Some players don't merit a full post, becuase they're so clearly in or out that there's not much else to say. Here's the list of infielders that meet that criteria.
I wonder how things might have been different had the 1994 strike not occured. Certainly Williams does, because it could have changed his career, as well as possibly the history of baseball. Had he eclipsed Roger Maris' single season home run record, perhaps there's not much of a scene around the whole McGwire/Sosa chase for 62 in 1998, and we never get into that whole mess. Plus it would have helped his candidacy as a Hall of Fame member. With 378 home runs, that season would have pushed him closer to 400, which might have changed how people viewed his career. As it is, he's a slugger that, historically speaking, didn't do much more than hit home runs, and his .268 average would only get him in if he played superior defense, which he didn't.
Very nice player, very well-liked teammate, excellent fielder, and he introduced the term "slumpbuster" into the American lexicon. He still falls into the category of a very good player that never really did anything spectacular, and was never among the elite. Nice career average (.303, with 2445 hits), but the .442 slugging percentage is well below standard for the position.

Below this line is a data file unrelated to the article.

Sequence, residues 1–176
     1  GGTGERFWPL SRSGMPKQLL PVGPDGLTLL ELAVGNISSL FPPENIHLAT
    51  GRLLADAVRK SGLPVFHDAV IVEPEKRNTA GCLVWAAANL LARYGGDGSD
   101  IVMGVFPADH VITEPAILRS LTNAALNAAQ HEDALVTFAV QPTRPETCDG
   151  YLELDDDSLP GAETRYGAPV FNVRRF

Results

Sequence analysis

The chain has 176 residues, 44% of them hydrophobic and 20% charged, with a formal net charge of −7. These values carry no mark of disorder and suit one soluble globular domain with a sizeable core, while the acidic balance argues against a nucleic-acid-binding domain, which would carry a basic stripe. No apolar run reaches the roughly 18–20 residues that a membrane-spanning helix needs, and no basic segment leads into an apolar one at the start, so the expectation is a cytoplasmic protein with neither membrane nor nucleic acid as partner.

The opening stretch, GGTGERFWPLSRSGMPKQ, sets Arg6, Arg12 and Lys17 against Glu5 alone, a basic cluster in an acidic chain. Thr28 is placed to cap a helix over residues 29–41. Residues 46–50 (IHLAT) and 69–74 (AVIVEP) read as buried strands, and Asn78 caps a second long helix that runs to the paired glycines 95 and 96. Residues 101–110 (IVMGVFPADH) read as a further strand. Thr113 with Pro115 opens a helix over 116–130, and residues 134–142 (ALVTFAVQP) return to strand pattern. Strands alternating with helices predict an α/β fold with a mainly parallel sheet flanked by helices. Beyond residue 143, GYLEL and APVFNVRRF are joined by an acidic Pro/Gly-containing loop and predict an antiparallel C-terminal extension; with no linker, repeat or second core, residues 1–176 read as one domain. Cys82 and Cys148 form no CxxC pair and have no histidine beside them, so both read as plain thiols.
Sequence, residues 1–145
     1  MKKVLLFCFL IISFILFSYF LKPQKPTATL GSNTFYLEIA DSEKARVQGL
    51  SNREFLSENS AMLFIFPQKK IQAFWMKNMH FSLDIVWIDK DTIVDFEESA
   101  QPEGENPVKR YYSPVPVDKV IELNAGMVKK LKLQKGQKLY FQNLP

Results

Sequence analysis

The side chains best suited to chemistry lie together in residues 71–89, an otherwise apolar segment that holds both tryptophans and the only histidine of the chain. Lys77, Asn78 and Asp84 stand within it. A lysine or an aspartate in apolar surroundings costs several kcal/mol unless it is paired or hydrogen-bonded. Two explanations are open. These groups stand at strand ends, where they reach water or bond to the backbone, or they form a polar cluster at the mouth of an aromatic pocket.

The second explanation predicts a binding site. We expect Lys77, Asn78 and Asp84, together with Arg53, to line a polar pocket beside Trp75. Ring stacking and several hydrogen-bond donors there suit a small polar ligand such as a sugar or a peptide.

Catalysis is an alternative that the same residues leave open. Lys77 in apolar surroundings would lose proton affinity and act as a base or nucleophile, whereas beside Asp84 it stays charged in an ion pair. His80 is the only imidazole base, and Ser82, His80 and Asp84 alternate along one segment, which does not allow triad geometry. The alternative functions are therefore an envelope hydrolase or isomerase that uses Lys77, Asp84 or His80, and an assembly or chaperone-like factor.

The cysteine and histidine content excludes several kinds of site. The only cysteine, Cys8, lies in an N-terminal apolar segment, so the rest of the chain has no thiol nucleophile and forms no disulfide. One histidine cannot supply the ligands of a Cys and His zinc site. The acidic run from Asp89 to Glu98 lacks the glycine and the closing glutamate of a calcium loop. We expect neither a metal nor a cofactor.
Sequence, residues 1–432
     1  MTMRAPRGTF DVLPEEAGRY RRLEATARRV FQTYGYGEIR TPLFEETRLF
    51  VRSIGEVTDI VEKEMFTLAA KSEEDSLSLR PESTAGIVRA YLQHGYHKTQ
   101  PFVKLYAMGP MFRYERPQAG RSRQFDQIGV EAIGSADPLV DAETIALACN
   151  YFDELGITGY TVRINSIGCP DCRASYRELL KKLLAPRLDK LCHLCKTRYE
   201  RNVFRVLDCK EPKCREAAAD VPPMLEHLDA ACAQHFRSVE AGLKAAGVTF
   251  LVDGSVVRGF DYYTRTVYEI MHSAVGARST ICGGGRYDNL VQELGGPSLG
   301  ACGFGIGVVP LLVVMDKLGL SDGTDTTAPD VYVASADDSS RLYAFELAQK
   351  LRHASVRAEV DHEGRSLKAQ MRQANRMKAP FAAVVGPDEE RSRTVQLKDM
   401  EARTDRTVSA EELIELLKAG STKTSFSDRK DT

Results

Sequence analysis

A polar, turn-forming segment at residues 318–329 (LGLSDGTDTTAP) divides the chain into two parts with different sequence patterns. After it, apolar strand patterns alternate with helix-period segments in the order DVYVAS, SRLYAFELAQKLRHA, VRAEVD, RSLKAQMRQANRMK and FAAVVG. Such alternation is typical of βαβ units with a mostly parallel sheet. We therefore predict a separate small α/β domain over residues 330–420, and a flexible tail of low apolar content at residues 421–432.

In the words of Jesus and Pals on South Park, "I'm not touching that with a ten foot pole."
He should never have left Fenway Park; otherwise he could have had at least a borderline Hall career. Three times in the top 5 of the AL MVP voting as a Red Sock, but never came close to .300 after he left for Anaheim, and was pretty much cooked by age 32. Not a bad OBP guy for a big fella though (.383).
I always enjoyed getting Jay Bell on my fantasy team. You always seemed to be able to sneak him through to the end of the auction, you'd get him for usually $10 less than he ended up giving you, and you could never argue with getting 15 HR from your middle infield guy. Value players also usually don't get into the Hall of Fame. Plus, that 38 home run season in 1999 just stands out like a Brady Anderson-sized sore thumb.